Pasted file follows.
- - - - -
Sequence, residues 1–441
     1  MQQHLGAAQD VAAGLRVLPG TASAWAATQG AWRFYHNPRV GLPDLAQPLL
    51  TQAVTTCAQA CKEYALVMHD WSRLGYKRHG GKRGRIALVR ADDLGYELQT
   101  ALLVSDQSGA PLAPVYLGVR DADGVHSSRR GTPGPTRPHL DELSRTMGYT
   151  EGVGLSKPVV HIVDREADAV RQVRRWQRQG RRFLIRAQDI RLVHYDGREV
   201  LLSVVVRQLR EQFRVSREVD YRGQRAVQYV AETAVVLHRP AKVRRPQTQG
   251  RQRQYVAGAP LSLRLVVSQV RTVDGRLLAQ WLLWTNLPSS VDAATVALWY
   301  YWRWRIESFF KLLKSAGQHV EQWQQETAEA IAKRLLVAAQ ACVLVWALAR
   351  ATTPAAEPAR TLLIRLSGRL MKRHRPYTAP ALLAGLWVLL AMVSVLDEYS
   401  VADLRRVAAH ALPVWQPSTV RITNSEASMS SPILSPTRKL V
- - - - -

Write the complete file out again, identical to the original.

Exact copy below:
Sequence, residues 1–441
     1  MQQHLGAAQD VAAGLRVLPG TASAWAATQG AWRFYHNPRV GLPDLAQPLL
    51  TQAVTTCAQA CKEYALVMHD WSRLGYKRHG GKRGRIALVR ADDLGYELQT
   101  ALLVSDQSGA PLAPVYLGVR DADGVHSSRR GTPGPTRPHL DELSRTMGYT
   151  EGVGLSKPVV HIVDREADAV RQVRRWQRQG RRFLIRAQDI RLVHYDGREV
   201  LLSVVVRQLR EQFRVSREVD YRGQRAVQYV AETAVVLHRP AKVRRPQTQG
   251  RQRQYVAGAP LSLRLVVSQV RTVDGRLLAQ WLLWTNLPSS VDAATVALWY
   301  YWRWRIESFF KLLKSAGQHV EQWQQETAEA IAKRLLVAAQ ACVLVWALAR
   351  ATTPAAEPAR TLLIRLSGRL MKRHRPYTAP ALLAGLWVLL AMVSVLDEYS
   401  VADLRRVAAH ALPVWQPSTV RITNSEASMS SPILSPTRKL V